The app in question is Jay Z Magna Carta, which has ben recently made available on Google Play, and allows users of certain Samsung devices to listen to the rapper's new album on July 4, three days before the album comes out and the rest of the world can hear it.
The trojanized version has been offered for download on third party sites, and once installed and run, it doesn't give any indication that it might be malicious. Nevertheless, it works furiously in the background: it tries to download and install additional malware and attempts to send device info to a remote server each time the phone is restarted.
But on Thursday, July 4, users might notice that the app is not what it purports to be. The date triggers the app to replace the wallpaper on the infected device with an image of President Obama that apparently comments on recent surveillance scandal in the US, and to start a "NSAListenerService":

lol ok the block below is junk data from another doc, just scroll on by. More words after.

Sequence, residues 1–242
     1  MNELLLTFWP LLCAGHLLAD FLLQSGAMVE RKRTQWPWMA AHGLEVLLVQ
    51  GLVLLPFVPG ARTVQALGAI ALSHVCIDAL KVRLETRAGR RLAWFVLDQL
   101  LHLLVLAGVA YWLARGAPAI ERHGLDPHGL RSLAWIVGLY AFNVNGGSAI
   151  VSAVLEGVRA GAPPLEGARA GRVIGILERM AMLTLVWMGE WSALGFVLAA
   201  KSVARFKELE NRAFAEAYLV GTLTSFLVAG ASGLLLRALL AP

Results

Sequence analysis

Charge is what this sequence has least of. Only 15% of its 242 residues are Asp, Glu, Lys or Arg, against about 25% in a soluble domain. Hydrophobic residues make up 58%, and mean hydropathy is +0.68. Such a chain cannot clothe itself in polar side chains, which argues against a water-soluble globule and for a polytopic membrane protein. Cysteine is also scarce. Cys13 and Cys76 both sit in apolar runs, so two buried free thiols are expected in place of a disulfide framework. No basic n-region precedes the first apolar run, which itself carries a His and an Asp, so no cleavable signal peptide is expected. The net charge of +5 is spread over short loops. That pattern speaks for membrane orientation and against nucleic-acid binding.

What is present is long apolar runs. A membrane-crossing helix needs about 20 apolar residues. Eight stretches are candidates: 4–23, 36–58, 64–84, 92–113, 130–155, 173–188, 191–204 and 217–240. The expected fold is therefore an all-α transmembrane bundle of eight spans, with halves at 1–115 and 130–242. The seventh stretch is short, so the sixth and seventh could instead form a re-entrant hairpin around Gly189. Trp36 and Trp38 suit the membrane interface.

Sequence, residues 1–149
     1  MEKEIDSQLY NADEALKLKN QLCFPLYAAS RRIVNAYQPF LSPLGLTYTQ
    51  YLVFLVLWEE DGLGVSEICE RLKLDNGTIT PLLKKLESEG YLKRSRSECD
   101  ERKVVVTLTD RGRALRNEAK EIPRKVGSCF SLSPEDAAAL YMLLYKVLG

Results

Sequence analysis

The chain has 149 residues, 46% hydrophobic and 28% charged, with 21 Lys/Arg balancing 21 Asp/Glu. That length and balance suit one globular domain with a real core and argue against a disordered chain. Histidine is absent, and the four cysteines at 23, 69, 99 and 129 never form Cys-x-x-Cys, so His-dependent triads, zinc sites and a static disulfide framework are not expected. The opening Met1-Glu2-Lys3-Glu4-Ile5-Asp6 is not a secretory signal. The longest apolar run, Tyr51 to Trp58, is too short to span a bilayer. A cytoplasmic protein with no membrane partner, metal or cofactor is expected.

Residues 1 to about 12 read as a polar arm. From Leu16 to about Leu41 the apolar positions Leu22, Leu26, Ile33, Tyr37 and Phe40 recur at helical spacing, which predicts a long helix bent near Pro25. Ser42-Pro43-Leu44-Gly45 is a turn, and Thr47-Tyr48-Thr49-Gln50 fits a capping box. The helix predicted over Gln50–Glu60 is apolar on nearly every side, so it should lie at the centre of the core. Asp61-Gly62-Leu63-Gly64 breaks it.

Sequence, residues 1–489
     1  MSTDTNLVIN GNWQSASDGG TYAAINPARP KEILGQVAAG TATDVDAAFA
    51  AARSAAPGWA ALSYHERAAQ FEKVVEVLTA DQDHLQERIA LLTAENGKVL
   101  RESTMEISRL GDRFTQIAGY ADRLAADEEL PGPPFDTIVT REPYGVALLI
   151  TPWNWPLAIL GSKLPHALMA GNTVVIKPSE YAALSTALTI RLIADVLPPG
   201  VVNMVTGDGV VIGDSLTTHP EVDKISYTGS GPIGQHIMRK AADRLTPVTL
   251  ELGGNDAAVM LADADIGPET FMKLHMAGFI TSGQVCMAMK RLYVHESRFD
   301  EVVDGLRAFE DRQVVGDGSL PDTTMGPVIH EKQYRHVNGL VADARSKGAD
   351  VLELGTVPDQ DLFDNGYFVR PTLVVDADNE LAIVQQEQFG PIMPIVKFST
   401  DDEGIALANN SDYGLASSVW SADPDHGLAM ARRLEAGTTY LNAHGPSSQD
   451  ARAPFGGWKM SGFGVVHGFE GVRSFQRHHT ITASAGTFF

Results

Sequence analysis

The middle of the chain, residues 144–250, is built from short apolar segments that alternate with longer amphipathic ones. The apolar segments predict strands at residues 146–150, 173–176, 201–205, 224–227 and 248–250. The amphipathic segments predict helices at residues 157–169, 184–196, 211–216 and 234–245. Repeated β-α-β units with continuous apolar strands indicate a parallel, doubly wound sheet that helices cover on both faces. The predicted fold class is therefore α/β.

"The image and the service name NSAListener suggest a hacktivist agenda, but we havenít ruled out the possibility that additional malware may target financial transactions or other data," the researchers say.
"Based on the political message and the fact that it was embedded in an app that coincides with the release of Jay Zís latest album, we suspect the Trojan was recently introduced into the wild," they concluded, and urged users to always be careful when downloading apps from unknown or untrustworthy sources.